Seeing everyone as your competitor has two negative consequences. First, it isolates you and your efforts, putting a full burden on your shoulders that others could help you bear; and second, it means you waste energy trying to set others back rather than using that energy to push yourself forward.
Consider the following true story by Frank Koch in an issue of Proceedings, the magazine of the United States Naval Institute. Two battleships assigned to the training squadron had been at sea on maneuvers in heavy weather for several days. Koch was serving on the lead battleship and was standing watch on the bridge as night fell. He recounts his experience.
The visibility was extremely poor with patchy fog, so the captain remained on the bridge, keeping an eye on our navigation activities.
Shortly after dark, the lookout on the wing of the bridge reported, "Light, bearing on the starboard bow!"
The captain called out, "Is it steady or moving astern?"
The lookout replied, "Steady, captain," which meant that we were on a collision course with that source of light.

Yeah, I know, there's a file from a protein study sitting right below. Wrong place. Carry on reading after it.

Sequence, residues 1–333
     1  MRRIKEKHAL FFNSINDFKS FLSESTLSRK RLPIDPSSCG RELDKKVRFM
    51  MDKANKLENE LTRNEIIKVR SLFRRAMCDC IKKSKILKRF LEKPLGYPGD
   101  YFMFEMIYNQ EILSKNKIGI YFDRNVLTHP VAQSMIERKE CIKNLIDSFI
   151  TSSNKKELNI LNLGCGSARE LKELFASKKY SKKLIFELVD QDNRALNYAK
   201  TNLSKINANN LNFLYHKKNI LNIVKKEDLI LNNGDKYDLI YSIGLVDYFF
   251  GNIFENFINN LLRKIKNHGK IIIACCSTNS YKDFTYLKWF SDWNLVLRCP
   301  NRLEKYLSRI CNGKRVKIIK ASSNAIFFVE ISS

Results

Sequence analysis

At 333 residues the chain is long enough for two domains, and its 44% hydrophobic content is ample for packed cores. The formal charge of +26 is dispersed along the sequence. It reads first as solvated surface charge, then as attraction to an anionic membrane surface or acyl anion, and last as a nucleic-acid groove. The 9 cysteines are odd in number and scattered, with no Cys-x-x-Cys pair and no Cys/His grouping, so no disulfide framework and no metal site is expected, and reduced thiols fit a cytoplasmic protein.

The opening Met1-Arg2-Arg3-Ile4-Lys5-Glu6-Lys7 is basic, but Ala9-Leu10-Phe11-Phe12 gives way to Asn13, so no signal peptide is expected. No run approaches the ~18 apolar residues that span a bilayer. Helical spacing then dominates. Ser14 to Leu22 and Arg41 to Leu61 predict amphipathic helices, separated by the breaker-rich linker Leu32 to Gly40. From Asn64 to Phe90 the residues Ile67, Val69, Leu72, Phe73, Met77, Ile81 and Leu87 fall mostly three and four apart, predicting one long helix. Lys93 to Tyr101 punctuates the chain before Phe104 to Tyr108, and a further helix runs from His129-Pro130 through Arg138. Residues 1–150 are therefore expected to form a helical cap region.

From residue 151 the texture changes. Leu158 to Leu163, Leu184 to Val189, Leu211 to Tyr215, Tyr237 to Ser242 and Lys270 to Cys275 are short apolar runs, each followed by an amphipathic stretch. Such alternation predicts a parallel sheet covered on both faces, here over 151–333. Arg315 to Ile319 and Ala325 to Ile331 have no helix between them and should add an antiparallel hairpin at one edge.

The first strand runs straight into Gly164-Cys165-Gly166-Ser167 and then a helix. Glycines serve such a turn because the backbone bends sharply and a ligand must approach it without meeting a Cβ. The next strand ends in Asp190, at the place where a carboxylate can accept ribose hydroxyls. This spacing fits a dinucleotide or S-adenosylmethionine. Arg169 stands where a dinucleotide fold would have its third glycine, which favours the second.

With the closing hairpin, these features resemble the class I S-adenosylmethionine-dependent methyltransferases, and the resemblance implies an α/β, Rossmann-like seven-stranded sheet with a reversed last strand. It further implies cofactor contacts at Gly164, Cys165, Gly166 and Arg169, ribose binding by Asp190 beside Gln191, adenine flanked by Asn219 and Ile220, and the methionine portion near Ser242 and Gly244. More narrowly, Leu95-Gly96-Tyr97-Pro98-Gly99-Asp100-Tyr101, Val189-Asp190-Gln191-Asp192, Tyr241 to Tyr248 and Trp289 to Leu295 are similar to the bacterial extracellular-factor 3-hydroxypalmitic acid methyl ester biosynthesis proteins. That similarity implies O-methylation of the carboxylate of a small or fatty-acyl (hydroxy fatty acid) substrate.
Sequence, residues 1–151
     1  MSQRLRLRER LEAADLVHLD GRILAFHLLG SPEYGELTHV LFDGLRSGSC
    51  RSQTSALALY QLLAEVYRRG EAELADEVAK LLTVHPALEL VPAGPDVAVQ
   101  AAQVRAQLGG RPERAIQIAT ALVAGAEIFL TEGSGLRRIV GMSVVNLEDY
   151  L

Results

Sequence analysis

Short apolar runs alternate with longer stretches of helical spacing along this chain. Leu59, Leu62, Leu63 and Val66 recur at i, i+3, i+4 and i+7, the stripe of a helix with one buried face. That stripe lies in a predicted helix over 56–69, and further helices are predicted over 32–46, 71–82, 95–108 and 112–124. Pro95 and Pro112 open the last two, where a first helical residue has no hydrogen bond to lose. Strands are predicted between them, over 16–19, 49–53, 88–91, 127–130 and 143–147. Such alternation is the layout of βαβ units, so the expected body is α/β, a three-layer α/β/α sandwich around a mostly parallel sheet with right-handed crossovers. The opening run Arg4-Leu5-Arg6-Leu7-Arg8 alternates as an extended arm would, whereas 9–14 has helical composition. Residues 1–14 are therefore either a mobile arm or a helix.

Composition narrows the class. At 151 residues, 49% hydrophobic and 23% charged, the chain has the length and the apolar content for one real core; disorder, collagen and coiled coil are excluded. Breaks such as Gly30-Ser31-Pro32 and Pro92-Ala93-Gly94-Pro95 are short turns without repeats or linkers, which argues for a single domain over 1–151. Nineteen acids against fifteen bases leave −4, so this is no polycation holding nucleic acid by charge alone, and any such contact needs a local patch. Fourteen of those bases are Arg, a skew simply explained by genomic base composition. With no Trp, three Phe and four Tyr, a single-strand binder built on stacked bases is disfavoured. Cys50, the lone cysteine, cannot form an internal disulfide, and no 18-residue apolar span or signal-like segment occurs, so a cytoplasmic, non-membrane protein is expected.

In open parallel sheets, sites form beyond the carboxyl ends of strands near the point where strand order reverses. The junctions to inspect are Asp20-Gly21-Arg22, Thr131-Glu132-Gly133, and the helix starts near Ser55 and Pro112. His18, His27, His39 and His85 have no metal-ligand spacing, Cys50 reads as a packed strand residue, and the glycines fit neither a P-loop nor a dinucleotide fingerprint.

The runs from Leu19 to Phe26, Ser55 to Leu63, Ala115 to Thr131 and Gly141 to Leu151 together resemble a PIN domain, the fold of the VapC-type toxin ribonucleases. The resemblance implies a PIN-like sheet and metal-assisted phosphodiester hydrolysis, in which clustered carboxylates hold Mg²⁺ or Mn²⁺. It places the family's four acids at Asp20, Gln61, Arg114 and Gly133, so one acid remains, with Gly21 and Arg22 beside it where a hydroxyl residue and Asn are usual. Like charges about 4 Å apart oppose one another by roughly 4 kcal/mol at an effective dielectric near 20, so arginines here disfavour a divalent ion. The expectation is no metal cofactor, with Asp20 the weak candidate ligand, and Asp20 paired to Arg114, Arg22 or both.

The captain then called to the signalman, "Signal that ship: We are on a collision course... advise you change course 20 degrees."
Back came the signal from the other ship. "Advisable for you to change course 20 degrees!"
The captain barked, "Send, I'm a captain... change course 20 degrees immediately."
"I'm a seaman second class," came the reply. "You had better change course 20 degrees!" By this time, the captain was furious. He spat out, "Send, I'm a battleship. Change course 20 degrees."
Back came the signal from the flashing light, "I'm a lighthouse."
The captain changed course.
The moral of the story is that it is futile to try to set others back when you could turn yourself 20 degrees and go forward!
Source: Psychology of Motivation by Dr. Denis Waitley
My two-bit: Another aphorism is, "pick your battles". There are contests worth fighting even if the odds of losing are high, and there are contests worth avoiding even if the odds of winning are high.